Globes are fun, but some worry about Oscars
Perhaps the best expression of Hollywood’s complex feelings toward the Golden Globes came from “Cold Mountain” producer Albert Berger.
“I’ve deluded myself into thinking this is no pressure, all fun,” he said.
The Globes have become Hollywood’s second most important night, even for the TV biz, for which the telecast traditionally plays a less important role than for film.
“The Globes are to the Emmys what your mistress is to your wife,” said HBO Films topper Colin Callender. “More fun, but not as serious.”
Another topic of discussion during the arrivals process was how the abbreviated Oscar voting season would affect the voting.
Saturday, at the BAFTA tea party, Miramax’s Harvey Weinstein said he thought “the shortened season means a lower percentage of Oscar voters sent in their nomination ballots. I think in the past, Academy members saw the Globes and thought, I better send in my ballot.”
For the record, the Academy said last week that the number of returned ballots was comparable to previous years.
As he waited to enter the Beverly Hilton’s ballroom, “Big Fish” producer Dan Jinks said, “The ballots were due so early, I think it took a lot of Oscar voters by surprise. I just hope they saw our movie first.”
Warner’s Alan Horn said he thought the compressed award season might break up the “herd mentality” that can result from one industry group’s voting following another.
“I think it’s good that these shows don’t influence each other,” said Horn, also noting that the Oscar nom ballots are already in.
Though the level of security at the Hilton made entering the World Economic Forum in Davos look like traipsing into a beachfront restaurant in Venice, there was a wide spectrum of colorful characters roaming the hotel’s lobby.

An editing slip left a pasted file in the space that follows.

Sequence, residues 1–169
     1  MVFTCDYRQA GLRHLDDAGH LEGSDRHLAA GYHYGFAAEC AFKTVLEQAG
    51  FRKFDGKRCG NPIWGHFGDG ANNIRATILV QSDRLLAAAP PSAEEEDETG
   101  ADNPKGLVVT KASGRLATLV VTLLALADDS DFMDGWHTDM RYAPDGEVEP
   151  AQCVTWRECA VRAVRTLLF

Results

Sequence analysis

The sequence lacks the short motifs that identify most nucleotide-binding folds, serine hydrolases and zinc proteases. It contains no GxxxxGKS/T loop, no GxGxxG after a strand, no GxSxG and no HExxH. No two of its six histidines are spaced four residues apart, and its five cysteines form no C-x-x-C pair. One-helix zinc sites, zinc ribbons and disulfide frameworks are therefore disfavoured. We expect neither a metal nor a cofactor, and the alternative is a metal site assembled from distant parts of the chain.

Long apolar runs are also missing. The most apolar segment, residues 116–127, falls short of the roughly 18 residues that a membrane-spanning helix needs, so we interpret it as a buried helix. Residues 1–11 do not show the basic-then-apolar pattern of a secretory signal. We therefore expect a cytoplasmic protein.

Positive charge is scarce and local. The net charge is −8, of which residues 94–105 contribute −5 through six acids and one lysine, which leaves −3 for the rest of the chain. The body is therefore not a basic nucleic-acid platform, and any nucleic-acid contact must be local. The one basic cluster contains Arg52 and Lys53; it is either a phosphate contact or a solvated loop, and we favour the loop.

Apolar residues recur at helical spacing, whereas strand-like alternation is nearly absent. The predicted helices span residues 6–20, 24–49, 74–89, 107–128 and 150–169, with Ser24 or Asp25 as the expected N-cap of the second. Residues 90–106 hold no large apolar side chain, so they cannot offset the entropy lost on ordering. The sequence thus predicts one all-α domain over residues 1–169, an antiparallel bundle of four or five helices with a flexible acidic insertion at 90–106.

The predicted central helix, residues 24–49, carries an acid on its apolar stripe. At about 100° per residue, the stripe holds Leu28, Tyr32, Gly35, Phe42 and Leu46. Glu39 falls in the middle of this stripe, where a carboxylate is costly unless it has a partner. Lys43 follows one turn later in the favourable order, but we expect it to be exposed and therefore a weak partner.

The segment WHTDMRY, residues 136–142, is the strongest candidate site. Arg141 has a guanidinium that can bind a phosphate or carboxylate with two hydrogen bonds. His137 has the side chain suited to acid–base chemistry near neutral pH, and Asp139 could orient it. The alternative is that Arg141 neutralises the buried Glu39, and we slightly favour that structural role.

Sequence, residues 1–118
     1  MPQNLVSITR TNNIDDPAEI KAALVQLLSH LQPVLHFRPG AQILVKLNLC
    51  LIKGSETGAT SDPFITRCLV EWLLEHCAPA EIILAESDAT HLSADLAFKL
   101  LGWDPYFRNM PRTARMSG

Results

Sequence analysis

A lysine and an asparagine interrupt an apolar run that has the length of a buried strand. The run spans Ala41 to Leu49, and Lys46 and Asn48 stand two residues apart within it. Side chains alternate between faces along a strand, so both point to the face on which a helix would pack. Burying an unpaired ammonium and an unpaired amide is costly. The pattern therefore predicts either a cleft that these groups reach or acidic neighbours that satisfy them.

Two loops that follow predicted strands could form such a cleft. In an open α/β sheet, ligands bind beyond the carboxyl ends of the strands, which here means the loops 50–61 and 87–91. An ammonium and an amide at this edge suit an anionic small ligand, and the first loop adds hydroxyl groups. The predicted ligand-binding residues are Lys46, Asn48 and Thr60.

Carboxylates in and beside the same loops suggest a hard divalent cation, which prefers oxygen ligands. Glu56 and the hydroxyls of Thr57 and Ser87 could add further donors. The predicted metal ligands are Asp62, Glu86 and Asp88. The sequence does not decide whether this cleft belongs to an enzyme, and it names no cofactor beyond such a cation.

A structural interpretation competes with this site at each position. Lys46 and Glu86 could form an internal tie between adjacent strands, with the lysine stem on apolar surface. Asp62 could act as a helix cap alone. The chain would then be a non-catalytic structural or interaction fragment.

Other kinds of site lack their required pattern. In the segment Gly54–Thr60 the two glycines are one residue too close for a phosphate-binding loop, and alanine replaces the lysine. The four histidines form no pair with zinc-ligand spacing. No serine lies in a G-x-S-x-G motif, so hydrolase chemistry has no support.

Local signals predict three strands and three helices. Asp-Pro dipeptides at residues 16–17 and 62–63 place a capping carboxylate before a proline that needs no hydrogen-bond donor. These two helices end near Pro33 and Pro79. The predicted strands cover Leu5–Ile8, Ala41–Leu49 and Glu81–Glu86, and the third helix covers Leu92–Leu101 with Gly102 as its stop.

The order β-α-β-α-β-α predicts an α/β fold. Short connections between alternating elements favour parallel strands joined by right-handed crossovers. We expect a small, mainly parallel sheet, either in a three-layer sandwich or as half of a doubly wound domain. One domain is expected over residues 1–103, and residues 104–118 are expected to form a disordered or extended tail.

A security loophole is that any guest with a room key must have access to the lobby. It would appear lots of fans rented rooms. At times, it seemed as if just about anyone was able to wander from the bathroom to the bar to the elevators. But the security guards wouldn’t let them idle in the glamour zone, and they had to keep moving. (“Sir, you can’t stand here, sir” was repeated mantra-like.)
Pity the poor star who entered the Hilton and decided to use the women’s room near the bar. The screams of “Alicia!” as Silverstone exited the loo made the security guards jump.
Also pity the guest who forgot to bring government-issued ID.
Dominic Monaghan, who was sipping from one of the tiny champagne bottles handed out to guests on the red carpet, said he’s forgotten his passport and was waiting for someone from New Line to straighten out the problem.
“We went out last night,” said Monaghan, who — certainly more than most of the suits — seemed ready to embrace the fun side of the night.
Gossip before this year’s Globes centered on what happened to the agents’ tickets.
Last year, the HFPA gave six all-access “walk-around” passes to each talent agency for tenpercenteries who were not seated with clients. This allowed them to enter the ballroom. A roughly similar number of passes was promised for this year during conference calls.
On Friday, the agencies were told by the HFPA they’d get four passes allowing them onto the red carpet and into the green room only. No agent without a table seat would be allowed inside the ballroom. This news did not bring joy to Beverly Hills, especially since the agents-not-seated-with-clients tended to be agency toppers.
“They screwed us,” said one agent, who was wearing — less than proudly — a badge he’d somehow wrangled that said “publicist.” “It’s unbelievable.”
The “walk-around” cutback also applied to some press outlets, studios and publicists, but the agents were the most incensed. However, between Friday and just hours before showtime Sunday, an accommodation was reached, with some agents getting passes.
“We should go on eBay and see what we can get for our tickets,” one producer drolly commented to another as they discussed the agent debacle.